60% of women still oppressed

As part of Why Are We Still Here?, a series of 12 blogs written by women around the world to mark International Women’s Day, Zubeida Mustafa reflects on the need for two strands of women to unite in Pakistan’s women’s rights movement.

I became a feminist when I was five. My brother who is a year younger than me had snatched my favourite doll. I tried to retrieve it but failed.  The drama ended when the doll lay mauled up as I sobbed uncontrollably at the destruction of my precious possession. When the tears had dried I learned that more than physical strength you need wits and courage to get what you think is yours.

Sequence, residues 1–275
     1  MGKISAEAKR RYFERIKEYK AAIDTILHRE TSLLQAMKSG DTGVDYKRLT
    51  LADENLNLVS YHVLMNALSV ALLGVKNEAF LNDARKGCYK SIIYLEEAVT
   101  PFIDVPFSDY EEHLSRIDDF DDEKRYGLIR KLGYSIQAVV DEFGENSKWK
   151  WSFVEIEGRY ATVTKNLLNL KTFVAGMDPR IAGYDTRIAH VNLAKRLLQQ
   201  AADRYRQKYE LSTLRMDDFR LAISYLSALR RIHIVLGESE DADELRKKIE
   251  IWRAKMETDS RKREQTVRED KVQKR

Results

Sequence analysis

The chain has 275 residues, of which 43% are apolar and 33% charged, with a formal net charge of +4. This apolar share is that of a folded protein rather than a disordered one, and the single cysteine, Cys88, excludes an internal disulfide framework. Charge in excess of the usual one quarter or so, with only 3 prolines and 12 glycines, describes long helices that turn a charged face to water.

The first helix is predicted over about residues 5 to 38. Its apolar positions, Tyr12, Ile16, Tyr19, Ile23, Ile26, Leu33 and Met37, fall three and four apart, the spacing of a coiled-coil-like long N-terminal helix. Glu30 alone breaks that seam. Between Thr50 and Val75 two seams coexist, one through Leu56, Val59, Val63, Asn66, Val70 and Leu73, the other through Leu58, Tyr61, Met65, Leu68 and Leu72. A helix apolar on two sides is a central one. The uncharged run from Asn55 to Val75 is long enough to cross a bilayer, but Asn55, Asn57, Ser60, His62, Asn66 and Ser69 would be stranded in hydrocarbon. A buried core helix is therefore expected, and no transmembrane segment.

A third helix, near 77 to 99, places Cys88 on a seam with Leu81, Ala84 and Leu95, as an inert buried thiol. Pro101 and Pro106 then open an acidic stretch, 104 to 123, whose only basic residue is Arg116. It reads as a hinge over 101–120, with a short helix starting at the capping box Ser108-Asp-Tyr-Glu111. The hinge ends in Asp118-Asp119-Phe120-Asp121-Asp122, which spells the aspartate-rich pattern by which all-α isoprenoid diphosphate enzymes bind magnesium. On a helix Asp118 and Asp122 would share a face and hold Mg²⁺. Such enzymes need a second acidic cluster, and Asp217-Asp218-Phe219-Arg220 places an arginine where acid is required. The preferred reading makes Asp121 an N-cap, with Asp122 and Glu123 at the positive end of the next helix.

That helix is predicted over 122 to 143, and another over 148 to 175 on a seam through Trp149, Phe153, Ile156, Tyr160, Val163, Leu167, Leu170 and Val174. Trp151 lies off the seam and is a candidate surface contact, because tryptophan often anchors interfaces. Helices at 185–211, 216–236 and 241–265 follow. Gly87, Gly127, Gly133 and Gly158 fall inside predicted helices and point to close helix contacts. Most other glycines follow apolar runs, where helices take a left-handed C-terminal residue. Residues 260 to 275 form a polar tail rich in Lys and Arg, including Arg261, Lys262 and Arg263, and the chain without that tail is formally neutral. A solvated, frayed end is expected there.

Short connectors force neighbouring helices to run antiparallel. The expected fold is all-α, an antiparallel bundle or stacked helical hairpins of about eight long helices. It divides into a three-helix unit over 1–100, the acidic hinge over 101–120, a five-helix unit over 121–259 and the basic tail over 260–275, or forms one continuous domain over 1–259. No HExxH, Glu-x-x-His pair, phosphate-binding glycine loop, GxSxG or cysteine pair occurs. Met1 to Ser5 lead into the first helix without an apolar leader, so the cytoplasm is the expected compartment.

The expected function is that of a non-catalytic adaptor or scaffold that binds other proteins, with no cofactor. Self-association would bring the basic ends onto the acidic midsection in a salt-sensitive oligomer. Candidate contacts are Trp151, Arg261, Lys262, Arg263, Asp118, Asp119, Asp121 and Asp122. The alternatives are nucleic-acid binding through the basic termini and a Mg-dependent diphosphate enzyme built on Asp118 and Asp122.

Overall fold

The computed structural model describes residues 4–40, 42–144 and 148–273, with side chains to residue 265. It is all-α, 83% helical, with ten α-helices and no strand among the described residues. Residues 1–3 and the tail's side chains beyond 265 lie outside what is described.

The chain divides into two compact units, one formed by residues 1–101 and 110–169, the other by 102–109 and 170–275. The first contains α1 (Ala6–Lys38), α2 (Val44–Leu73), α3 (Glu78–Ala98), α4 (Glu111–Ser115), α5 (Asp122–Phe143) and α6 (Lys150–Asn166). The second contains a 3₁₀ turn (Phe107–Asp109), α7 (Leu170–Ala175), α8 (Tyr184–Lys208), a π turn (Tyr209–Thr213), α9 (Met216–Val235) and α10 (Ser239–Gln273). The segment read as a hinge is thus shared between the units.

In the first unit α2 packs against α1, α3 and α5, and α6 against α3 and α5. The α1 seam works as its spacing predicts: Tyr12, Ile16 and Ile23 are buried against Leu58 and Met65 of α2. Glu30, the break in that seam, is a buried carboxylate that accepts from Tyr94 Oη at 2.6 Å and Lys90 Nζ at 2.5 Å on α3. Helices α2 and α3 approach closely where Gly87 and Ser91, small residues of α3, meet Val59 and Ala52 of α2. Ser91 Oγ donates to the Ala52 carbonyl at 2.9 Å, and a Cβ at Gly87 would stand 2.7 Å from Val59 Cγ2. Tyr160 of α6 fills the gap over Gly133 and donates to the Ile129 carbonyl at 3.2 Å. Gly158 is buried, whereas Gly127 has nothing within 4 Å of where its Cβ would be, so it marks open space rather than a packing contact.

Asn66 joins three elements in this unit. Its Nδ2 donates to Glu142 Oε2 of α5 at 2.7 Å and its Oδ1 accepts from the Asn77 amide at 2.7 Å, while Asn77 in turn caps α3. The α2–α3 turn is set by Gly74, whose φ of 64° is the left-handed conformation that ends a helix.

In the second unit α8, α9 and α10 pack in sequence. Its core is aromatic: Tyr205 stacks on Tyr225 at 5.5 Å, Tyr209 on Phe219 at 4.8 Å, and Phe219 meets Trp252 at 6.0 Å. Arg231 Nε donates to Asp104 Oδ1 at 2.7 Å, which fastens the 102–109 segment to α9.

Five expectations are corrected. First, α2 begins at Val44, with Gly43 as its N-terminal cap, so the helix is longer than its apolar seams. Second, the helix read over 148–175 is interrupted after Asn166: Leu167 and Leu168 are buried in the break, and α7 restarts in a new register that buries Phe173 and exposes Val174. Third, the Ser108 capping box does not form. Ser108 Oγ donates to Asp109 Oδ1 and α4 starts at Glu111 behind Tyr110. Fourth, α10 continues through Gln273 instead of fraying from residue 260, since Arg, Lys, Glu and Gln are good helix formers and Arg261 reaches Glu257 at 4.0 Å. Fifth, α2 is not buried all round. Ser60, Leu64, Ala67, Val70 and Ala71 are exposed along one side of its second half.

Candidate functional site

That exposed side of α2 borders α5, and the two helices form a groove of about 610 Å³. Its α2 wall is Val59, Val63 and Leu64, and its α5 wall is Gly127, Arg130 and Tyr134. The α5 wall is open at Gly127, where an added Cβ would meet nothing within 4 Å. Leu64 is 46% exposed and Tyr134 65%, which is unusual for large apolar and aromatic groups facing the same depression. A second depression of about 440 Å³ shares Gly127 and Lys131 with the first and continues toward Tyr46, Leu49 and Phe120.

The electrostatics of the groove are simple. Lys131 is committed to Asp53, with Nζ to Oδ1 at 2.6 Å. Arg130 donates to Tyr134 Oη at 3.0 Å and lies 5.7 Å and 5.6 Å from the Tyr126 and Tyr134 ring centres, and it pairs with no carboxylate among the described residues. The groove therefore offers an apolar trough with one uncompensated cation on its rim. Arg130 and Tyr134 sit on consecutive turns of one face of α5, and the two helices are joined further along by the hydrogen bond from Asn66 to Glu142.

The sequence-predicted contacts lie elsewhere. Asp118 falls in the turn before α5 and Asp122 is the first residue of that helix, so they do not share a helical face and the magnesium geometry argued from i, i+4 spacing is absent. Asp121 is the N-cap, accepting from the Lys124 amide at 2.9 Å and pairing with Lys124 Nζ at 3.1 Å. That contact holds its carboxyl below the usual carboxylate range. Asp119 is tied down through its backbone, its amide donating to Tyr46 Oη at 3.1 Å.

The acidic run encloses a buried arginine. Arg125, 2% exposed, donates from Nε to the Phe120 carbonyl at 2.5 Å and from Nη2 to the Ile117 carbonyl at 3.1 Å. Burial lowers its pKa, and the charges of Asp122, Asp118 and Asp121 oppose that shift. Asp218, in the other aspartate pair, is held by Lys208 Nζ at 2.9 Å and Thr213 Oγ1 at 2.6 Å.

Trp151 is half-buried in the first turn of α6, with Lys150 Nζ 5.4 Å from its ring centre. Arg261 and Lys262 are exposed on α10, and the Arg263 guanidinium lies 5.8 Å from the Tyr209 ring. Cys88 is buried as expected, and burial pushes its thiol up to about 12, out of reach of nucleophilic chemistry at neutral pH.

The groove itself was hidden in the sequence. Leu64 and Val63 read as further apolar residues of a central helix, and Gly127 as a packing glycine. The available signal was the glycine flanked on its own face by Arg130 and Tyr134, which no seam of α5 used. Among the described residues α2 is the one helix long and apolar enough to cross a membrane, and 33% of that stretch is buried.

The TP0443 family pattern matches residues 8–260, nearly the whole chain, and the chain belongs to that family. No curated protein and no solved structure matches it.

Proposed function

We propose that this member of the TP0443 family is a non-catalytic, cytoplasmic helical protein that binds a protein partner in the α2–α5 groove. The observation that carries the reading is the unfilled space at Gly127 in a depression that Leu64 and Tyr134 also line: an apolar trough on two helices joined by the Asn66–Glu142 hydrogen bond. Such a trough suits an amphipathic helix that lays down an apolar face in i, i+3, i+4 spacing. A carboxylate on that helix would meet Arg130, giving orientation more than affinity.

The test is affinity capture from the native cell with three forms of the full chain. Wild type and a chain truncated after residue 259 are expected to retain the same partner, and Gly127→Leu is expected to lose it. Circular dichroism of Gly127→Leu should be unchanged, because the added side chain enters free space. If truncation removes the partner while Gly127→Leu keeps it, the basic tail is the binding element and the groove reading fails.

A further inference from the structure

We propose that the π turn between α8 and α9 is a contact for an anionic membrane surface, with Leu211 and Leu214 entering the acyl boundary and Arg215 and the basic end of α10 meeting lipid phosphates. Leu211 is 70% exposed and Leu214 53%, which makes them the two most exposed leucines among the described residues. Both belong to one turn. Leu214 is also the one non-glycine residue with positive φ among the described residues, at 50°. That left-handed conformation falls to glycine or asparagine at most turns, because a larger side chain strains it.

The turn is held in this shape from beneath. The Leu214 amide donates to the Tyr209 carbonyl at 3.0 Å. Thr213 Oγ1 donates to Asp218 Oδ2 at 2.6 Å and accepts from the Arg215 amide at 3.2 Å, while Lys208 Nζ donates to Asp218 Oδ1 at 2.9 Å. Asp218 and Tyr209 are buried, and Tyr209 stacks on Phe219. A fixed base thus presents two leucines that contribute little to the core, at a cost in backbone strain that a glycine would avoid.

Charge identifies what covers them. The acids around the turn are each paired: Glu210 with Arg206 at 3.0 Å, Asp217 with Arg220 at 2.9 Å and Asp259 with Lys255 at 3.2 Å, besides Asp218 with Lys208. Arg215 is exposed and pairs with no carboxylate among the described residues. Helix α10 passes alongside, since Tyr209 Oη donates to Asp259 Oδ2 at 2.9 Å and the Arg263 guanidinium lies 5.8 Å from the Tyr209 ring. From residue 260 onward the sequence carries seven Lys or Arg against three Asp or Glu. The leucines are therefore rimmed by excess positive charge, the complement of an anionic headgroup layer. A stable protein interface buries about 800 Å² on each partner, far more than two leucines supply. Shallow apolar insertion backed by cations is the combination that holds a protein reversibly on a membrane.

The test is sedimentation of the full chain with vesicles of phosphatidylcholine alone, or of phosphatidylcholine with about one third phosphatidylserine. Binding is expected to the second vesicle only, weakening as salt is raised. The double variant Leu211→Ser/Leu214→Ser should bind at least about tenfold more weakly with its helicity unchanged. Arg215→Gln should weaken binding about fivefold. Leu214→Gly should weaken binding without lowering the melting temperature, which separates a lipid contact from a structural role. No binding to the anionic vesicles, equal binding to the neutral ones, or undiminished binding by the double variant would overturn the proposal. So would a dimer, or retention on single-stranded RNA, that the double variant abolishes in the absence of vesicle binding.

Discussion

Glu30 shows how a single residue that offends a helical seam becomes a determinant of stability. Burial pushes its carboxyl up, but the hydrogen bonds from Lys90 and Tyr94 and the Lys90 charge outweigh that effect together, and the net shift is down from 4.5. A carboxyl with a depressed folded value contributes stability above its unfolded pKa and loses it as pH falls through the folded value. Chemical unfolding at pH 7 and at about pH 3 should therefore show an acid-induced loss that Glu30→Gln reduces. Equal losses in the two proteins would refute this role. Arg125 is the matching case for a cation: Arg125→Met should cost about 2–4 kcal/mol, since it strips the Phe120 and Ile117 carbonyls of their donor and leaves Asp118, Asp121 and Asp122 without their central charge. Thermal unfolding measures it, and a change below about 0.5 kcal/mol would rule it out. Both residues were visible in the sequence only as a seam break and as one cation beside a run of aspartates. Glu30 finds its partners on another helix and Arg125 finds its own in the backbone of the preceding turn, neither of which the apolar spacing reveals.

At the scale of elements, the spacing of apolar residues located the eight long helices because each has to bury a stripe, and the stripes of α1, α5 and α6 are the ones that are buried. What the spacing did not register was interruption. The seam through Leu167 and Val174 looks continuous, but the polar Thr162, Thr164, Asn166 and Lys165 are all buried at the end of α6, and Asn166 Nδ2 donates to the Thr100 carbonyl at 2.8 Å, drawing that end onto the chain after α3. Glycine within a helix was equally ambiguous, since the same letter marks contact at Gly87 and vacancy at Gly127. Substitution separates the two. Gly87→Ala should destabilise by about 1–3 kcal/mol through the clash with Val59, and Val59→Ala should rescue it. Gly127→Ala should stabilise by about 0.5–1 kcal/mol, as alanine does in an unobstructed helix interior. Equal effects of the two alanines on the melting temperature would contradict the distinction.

women-powerAs I grew up and writing became my passion – first as a researcher and then a journalist – and I saw the oppression of women in my society at close quarters. More than wits, they lacked awareness about their rights and the confidence to defy conservative traditions enforced by a patriarchal society. Education had empowered me. But an overwhelming majority of our women are not educated.

Please click here to read the full article “60% of women still oppressed” published on Commonwealth Writers website.